Night From the View of an S.S. Officer This whole situation started out simple enough. The men and myself first moved into this little town called Sighet. The people there seemed so naive. None of them realized what was about to happen; none of them realized what happened when the Germans move into town. We first started by imprisoning the officials and made all the Jews were yellow stars. The Jews were then moved into a very small ghetto and cramped quarters. It was obvious that none of them had heard of the horror of the concentration camps and what awaited them once they left the safety of their homes. Me and some of the other officers tried to be nice to the Jews because I, personally, hated carrying around this gun. Once you were in the camp the site of these officers holding these weapons struck fear into the hearts of all in the camp. We had finally gotten all of the people of the town of Sighet onto the train and had started the journey towards Auschwitz. The condition on the train is something I don’t think I could have stood for. The Germans were put in charge of the train in the middle of the journey. The officers were told to collect any valuable from the people on the train and if they refused to yield their valuables, the were to be shot. As I have said I hated carrying around this gun but I did have a job to do and I was willing to follow orders if need be. Luckily I never had to unload a single shot on that train. Some people on the train were in very bad shape. They were hallucinating and many of them simply couldn’t take the heat and the smell any longer. They were beginning to go crazy. The officers had a meeting and we were told to tell them that they were all just going to a labor camp and the families would be kept together. The lying was also a normal part of my job. Little did they know that they were going to a terrible place in which the males and females would be seperated and all of the people had a slim chance of even making past the inspections. Before arriving at Auschwitz we came to a “filtering” camp called Birkenau. The men and women were separated and taken to separated and taken to the barracks. I hear the prisoners talking sometimes. Some of them have been in this camp for a while and some of them are friends to those who are just arriving. These prisoners know that only the youngest and strongest survive. I know some of them have to be lying about their age. Boys that are barely 15 claiming they are 18, but they only want what everybody else at the camps want; to stay alive. Some prisoners and myself were transferred to a camp named Buna. It was a four-hour walk to the camp and once we got there the prisoners were required to undergo more medical exams to make sure they are still fit to work. The dentist even went as far as to remove the gold crowns in prisoners’ teeth. Things were going well for a few months although the officers, and myself would take nothing less than hard work and cooperation from everyone. One day we had an unexpected air raid on Buna. The planes showered the camp with bombs and that is when things started to get out of control. People were trying to get away, stealing items, and trying to sneak some extra rations of soup. The officers were told to publicly hang anyone who broke the rules during this attack. We were made to do it in front of the entire camp so they could see what would happen if a person disobeyed. I was put in charge of supervising the hanging, but I couldn’t let morals get in the way. I was put here to do a job and that is what I had to do. We exucuted 4 people in total, including a small child just for trying to get food. I was aware that the Jewish holidays were approaching and it required them to fast. The rations that were given to the prisoners were hardly enough to keep a full stomach so I was very interested to see if any prisoners would comply with their religion and fast. Know one I saw even thought about fasting. When the holiday came about the prisoners picked up their spoons and started eating like any other day. Winter came very harsh that year. Just as it started to get unbareable, their were threats of a Russian invasion into the Buna camp. The officers had a meeting and decided to evacuate the camp at once. We were planning to run to the next camp. I knew there would be no way of avoiding the tragedies that could happen on this trip. We were given strict instructions to kill every person who fell behind the pack. The prisoners were running straight ahead not even thinking. I heard shots and screams ringing out all over the vast, snowy plain. Ahead of me I saw a young man bending over and complaining of cramps. I had to follow instructions and shot the man. It was not something I like to remember. We finally stopped at a small shack and people were falling all over each other to just sit down. Just as many people died there as they did on the trip. They would fall asleep, but never wake up. We had to press forward because we still had to get to the camp. People were still falling out who couldn’t keep up with the rigorous pace we were taking. Once we got to the camp people piled in on top of each other just to sit down. There were men screaming for air and still yet more people died. There was still yet another selection where the weak were eliminated. Once we got to the camp everyone was put on the train to what turned out to be the last torture test. In my opinion, if you survived everything up to and including this train ride, you deserved to live. In a very uncivilized some the other S.S. officers threw bread into the trains just to watch the men kill their own fathers’ just to get a morsel of bread. Buchenwald was very cold and miserable. The same treatment went on for days. The Americans were said to be getting close to the camp. I had to make a hard decision, stay and follow orders to kill every Jew in the camp, or flee and save my own life. Every officer chose to stay. Very many Jews were killed and one day, when the Americans were getting very close all of the S.S. officers left the camp, leaving the Jews behind. I never heard what happened to the Jews in Buchenwald. I also never forgave myself for the heartless murders my officers and I committed. That time was one of the worse times in history just because of the millions of Jews that were killed and I regret to say, that I had a part in it. Word Count: 1220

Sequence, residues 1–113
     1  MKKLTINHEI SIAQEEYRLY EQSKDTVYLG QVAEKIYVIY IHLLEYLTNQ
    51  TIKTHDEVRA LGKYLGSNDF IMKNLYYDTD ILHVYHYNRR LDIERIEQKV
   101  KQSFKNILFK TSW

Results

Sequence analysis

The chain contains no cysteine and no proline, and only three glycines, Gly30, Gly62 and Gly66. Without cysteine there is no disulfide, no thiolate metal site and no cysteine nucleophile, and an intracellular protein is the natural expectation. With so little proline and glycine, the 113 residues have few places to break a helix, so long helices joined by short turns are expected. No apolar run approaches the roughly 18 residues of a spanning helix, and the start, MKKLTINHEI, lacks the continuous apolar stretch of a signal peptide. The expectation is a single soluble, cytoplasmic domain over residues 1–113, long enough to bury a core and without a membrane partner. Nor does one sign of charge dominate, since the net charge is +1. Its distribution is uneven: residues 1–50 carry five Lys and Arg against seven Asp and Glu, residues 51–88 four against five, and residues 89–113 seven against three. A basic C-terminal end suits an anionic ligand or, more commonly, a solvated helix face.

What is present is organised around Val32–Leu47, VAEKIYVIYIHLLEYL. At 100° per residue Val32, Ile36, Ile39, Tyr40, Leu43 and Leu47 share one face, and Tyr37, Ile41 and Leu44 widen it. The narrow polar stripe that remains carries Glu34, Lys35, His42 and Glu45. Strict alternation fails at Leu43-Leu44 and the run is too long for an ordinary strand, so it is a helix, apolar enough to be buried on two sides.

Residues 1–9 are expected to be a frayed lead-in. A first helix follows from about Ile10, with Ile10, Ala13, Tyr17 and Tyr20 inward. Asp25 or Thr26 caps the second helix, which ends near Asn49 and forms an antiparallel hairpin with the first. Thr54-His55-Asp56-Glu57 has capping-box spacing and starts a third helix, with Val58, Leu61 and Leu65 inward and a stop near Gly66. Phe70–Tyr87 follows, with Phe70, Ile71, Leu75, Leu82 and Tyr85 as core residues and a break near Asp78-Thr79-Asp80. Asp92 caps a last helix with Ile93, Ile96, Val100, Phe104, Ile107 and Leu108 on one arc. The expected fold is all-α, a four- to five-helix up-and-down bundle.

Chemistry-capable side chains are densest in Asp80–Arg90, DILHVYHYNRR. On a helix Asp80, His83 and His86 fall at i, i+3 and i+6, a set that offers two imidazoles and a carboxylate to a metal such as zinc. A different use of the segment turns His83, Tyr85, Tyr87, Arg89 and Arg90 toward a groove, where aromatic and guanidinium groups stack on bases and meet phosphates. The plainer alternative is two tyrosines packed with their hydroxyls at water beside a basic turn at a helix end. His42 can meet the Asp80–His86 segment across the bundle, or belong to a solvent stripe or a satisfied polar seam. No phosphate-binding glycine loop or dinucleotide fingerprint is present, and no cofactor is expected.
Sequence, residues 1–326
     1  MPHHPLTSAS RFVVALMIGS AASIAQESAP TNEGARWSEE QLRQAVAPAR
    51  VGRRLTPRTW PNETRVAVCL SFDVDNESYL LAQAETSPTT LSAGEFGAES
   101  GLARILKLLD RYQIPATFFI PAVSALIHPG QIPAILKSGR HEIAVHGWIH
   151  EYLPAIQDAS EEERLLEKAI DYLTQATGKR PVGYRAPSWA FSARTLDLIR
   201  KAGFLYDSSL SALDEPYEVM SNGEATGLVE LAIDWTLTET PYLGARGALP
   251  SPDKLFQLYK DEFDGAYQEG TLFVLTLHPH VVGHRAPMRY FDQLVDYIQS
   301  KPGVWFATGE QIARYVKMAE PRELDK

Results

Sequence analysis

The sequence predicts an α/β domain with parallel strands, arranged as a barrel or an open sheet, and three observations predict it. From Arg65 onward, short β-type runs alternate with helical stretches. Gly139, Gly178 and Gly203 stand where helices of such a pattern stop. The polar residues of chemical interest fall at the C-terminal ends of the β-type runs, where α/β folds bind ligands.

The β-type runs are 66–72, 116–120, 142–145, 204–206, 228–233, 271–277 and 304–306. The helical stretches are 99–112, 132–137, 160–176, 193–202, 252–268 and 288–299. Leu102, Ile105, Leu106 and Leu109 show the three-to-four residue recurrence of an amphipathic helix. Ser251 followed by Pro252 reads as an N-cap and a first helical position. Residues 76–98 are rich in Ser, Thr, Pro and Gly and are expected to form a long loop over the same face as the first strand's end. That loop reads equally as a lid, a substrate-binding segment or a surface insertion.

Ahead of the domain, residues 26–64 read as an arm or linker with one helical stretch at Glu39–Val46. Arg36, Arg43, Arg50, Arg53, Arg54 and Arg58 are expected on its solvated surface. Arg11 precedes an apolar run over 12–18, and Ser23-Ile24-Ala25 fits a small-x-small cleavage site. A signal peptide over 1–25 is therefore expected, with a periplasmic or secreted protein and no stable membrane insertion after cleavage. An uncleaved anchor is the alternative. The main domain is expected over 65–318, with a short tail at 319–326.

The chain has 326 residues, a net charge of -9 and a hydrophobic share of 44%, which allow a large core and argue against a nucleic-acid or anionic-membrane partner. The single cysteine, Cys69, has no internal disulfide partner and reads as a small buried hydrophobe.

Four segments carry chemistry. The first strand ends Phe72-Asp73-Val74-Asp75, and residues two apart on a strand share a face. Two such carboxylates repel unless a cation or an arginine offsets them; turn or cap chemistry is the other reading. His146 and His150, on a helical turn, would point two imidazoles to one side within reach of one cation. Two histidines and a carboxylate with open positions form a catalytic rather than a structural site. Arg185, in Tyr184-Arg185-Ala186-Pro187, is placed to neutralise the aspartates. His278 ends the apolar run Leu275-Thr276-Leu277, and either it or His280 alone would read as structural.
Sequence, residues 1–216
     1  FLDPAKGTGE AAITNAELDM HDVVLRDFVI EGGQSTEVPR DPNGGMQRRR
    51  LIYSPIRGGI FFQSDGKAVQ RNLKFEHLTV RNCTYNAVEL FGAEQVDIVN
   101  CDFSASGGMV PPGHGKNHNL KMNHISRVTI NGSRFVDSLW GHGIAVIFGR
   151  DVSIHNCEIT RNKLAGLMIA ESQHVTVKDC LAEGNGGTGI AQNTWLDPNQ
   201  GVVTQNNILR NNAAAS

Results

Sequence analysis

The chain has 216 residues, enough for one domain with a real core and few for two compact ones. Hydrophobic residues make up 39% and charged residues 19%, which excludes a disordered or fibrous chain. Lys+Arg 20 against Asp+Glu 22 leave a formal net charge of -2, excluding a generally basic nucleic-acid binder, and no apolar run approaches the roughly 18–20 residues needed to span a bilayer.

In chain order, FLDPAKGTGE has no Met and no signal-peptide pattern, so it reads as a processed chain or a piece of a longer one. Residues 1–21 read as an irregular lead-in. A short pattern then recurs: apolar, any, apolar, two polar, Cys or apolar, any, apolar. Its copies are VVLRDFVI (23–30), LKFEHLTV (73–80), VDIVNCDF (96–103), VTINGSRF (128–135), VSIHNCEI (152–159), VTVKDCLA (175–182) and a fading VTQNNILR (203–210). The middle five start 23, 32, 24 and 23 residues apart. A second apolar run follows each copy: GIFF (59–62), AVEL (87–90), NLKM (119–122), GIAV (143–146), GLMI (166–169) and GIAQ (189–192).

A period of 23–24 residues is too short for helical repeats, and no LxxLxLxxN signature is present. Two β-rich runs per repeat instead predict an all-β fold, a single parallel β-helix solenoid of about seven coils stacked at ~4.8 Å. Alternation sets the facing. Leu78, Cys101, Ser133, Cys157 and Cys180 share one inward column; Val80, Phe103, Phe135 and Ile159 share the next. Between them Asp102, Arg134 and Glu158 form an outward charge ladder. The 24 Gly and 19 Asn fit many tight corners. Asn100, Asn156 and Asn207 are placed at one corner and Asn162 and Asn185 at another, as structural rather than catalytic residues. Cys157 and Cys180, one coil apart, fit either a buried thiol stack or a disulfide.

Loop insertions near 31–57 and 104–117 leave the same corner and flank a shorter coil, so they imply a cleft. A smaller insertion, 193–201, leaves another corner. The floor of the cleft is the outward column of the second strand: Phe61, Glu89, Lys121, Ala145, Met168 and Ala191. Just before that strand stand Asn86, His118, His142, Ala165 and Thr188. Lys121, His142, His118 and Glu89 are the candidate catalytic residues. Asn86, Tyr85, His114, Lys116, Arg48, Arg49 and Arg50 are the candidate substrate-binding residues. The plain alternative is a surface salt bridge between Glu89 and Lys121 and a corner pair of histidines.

The Free essays given on our site were donated by anonymous users and should not be viewed as samples of our custom writing service. You are welcome to use them to inspire yourself for writing your own term paper. If you need a custom term paper related to the subject of Book Reports or Night , you can hire a professional writer here in just a few clicks.